Getting to the Root (Canal) of the Problem
We’re all familiar with urban legends – stories that are frightening to the point of being (almost) unbelievable. They’ve been around for years, spreading from person to person and group to group at the speed of sound. The invention of the internet made the spread of information possible at a rate faster than ever before, often with little or no regard in terms of accuracy. One of those legends happens to be about getting a root canal which, naturally, gets our attention every time it makes the rounds. Most recently, we saw the story shared on social media. It’s been around for a while, and goes something like this: root canals are dangerous to your health.
So with all due respect to the well-intended folks out there, we thought it was about time to get the root of it all and dispel the myths surrounding this story.
Root Canal Myths & Facts
FACT: It may be a little “icky” to think about, but your mouth is full of bacteria. In fact, there have been more than 700 different types of bacteria detected in human mouths. But before you consider taking some extreme measures, think about this: the presence of bacteria does NOT equate to infection. First of all, some bacteria are needed for your body to operate well, including those which protect your teeth and gums. Second, your immune system is designed to take care of bacteria quickly and effectively; in fact, in as little as one minute.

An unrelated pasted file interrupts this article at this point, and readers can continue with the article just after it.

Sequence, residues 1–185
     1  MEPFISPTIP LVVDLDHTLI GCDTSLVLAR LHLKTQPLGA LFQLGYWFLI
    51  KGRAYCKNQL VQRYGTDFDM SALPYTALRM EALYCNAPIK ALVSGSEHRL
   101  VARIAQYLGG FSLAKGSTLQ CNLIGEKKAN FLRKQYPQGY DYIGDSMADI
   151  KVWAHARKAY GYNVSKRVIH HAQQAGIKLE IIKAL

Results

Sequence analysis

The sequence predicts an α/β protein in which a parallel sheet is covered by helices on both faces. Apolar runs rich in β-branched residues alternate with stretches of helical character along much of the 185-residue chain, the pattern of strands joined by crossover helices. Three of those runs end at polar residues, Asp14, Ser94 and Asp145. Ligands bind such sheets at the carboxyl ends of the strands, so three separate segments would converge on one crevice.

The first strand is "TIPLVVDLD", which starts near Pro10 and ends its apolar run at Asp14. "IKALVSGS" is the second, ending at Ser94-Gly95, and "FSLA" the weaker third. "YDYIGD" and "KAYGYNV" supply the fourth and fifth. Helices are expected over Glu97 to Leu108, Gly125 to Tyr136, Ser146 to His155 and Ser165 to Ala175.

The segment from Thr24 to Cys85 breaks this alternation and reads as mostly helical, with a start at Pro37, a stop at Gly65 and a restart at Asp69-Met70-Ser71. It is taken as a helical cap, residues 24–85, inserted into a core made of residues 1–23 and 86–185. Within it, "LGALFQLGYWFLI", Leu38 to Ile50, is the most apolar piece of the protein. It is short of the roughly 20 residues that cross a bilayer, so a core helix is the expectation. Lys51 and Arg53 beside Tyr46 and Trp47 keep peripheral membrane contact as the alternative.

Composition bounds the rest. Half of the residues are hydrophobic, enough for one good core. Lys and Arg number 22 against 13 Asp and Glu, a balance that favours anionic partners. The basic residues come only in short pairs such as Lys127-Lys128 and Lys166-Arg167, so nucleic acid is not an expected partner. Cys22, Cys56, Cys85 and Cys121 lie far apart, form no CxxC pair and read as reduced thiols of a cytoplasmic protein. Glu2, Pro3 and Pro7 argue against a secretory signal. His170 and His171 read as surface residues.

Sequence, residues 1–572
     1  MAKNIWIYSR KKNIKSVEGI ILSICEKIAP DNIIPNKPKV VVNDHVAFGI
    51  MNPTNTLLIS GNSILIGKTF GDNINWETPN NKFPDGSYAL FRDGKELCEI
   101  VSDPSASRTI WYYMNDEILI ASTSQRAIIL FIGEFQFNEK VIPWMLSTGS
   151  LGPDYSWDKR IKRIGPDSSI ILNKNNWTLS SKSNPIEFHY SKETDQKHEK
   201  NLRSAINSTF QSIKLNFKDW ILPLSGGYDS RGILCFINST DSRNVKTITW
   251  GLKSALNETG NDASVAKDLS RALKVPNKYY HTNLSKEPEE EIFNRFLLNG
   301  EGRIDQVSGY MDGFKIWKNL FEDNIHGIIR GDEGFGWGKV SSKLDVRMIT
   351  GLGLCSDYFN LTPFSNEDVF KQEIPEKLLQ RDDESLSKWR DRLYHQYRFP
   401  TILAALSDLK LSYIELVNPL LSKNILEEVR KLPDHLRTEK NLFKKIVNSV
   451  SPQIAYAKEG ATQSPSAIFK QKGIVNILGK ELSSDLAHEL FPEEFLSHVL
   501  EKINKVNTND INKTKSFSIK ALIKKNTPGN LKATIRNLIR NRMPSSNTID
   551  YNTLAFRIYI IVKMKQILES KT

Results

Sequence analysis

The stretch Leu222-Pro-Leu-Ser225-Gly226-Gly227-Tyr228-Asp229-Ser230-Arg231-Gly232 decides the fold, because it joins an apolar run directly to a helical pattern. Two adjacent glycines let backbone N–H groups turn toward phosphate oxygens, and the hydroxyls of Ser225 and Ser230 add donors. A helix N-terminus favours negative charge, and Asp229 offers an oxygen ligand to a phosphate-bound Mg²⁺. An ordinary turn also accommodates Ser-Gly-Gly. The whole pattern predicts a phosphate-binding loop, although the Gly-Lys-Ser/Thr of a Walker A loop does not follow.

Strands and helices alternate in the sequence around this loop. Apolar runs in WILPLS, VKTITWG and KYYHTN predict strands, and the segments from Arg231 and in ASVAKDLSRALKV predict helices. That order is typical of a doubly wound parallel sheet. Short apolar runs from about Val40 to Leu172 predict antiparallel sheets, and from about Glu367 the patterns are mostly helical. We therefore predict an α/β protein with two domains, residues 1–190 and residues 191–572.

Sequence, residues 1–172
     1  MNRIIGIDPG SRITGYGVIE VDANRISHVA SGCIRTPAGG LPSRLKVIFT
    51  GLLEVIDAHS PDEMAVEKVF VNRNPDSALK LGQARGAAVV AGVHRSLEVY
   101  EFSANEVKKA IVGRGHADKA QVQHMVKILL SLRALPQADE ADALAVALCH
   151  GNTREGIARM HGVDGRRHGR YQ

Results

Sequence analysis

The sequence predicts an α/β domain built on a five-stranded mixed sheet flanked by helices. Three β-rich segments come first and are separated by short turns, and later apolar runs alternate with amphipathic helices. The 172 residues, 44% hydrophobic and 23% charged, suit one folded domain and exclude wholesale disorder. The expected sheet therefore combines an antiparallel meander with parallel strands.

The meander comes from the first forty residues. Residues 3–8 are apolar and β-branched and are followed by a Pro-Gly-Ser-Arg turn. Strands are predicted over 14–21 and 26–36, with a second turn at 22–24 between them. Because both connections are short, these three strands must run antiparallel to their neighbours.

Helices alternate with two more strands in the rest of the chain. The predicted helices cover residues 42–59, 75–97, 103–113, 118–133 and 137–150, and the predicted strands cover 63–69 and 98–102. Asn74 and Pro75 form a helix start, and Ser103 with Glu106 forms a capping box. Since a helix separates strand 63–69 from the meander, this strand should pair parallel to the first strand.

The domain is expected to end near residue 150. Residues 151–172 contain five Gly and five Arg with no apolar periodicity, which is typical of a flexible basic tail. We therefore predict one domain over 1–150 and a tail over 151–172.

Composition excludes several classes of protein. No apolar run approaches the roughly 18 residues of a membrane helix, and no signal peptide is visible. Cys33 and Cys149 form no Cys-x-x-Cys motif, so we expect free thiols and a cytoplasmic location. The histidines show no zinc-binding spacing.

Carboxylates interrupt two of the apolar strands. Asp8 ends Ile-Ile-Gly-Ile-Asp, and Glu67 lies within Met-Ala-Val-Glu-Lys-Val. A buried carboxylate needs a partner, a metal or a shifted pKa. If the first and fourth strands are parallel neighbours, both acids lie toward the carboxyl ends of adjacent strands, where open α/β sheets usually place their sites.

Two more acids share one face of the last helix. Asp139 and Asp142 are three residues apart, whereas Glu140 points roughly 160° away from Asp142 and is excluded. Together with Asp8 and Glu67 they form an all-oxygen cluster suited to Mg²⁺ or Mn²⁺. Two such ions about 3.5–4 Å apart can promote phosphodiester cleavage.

FACT: When a tooth is extracted (or pulled) it creates a fairly sizeable wound in your mouth. It is traumatic for your body, and can actually increase the likelihood that more bacteria will be introduced and increase the likelihood of infection. A root canal focuses on the root of the tooth and places saving the natural tooth as a priority. This means less trauma to the body, elimination of bacteria from the infected root canal and extensive efforts to prevent reinfection.
FACT: Many of the beliefs surrounding this concept stem from rooted in an antiquated, unreliable and unscientific “study” conducted long before the cause of MOST medical illnesses was known. Just as doctors once recommended cigarettes in ad campaigns and prescribed cocaine-based medications, research has shown a number of dental practices or beliefs from the turn of the last century questionable at best. Extensive clinical studies have been completed which confirm that root canals are not only a safe option—but generally the best option when it comes to decay or infection in the tooth pulp.
Do you have more questions about root canals? Are you experiencing tooth pain? Contact us today and schedule your appointment with Billings dentist Dr. Cody Haslam and the team at Haslam Family Dentistry.